Thursday, September 24, 2009

Condoms as metaphor

By Carl

It's taken thirty years, countless dead and infected, and a worldwide push, but it looks as though the very tricky and difficult
HIV virus may be giving up its secrets to science:

Sept. 24 (Bloomberg) -- An experimental vaccine prevented HIV infections for the first time, a breakthrough that has eluded scientists for a quarter century.

A U.S.-funded study involving more than 16,000 volunteers in Thailand found that a combination of ALVAC, made by Paris- based Sanofi-Aventis SA, and AIDSVAX, from VaxGen Inc., of South San Francisco, cut infections by 31.2 percent in the people who received it compared with those on a placebo, scientists said today in Bangkok. Neither vaccine had stopped the virus that causes AIDS when tested separately in previous studies.

The finding represents a revival in a campaign that appeared to stall just two years ago when use of Merck & Co.’s experimental Ad5 vaccine boosted some people’s chances of infection in a study. The latest result will transform future research, said Mitchell Warren, director of the New York-based AIDS Vaccine Advocacy Coalition.

31.2% is something, certainly nothing to sneeze at, but it means there's clues in there for a truly preventative vaccine or combination of vaccines.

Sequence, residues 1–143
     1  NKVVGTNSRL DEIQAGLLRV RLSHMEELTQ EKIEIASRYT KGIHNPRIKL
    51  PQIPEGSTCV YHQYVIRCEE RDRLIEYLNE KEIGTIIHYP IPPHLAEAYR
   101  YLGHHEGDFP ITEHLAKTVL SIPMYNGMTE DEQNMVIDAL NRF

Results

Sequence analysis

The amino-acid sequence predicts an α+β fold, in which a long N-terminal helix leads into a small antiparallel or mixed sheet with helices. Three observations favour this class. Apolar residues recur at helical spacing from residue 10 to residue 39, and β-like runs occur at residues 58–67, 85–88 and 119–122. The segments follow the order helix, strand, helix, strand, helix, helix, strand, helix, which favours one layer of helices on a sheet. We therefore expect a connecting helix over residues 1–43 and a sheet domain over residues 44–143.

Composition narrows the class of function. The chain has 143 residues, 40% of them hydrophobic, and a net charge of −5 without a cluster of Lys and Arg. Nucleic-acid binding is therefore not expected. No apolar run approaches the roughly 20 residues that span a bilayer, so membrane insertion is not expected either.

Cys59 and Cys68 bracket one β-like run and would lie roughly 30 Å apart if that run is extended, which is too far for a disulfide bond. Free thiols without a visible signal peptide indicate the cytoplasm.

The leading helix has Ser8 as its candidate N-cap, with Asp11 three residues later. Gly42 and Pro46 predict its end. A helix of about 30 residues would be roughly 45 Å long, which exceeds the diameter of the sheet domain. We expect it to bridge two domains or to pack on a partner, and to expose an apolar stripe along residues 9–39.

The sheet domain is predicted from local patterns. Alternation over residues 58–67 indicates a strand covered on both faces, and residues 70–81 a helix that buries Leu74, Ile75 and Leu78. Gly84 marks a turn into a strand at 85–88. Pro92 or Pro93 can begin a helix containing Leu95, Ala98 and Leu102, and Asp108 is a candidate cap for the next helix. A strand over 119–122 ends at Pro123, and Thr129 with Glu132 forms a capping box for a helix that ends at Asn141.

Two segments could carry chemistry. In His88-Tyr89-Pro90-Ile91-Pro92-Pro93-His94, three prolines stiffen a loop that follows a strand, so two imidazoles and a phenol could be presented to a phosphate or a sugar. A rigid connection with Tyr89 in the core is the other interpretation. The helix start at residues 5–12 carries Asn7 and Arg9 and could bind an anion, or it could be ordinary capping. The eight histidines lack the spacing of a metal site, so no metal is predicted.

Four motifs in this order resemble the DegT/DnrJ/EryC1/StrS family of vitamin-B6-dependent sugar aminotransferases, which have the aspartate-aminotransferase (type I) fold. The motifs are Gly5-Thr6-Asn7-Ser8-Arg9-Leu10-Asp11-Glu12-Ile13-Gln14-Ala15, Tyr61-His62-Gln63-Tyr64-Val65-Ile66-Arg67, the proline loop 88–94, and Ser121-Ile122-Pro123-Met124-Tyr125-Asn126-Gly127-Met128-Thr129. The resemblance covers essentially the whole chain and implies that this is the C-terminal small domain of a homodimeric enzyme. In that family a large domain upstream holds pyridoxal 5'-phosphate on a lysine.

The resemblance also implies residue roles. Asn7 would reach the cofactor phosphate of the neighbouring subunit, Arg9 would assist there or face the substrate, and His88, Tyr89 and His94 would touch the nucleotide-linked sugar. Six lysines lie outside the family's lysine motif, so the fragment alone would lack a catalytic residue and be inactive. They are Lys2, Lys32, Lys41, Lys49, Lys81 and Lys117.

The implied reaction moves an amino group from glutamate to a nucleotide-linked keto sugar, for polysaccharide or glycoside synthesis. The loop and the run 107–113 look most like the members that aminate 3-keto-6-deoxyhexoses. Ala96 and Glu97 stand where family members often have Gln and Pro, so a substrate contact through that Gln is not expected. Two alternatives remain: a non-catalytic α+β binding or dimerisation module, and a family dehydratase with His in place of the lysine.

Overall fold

I'm old enough to remember when sex could be had without any ill effects except maybe guilt. Syphillis and gonorrhea both seemed to be curable, and AIDS and herpes were on a distant horizon.

I've often wondered if the spread of AIDS, HIV, and even herpes was responsible, in part, for the rise of conservatism in this country. After all, when we could ball freely, we tended to be a little more open to new ideas as well as new experiences.

Once sex was clamped down upon, it seemed like everyone's rectums got a little more retentive, a little more conservative. Wearing a condom became a metaphor as well as a reality, forcing people to think back inside the box (um, pun not intended. Mostly.) because outside, alone, naked, was scary and a little dangerous.

Freedom became something negotiable, to an extent. You could be free, but you had to be ultravigilant, and once you had to be ultravigilant, that required an effort and efforts mean people will look for easy ways out.

Like the fox and the grapes, people began to look at sex as if it wasn't important, that sex was OK if it was readily accessible but to actually go out and pursue it became a matter of work. And who wants to work at sex?

So we saw a rise in monogamous relationships, but we also saw a rise in values that hearkened back to the Fifties, to a time when, yes, people had sex, lots of it, but no one talked about it, so everyone assumed no one else was getting any.

I dunno... just a thought.

(Cross-posted to
Simply Left Behind.)

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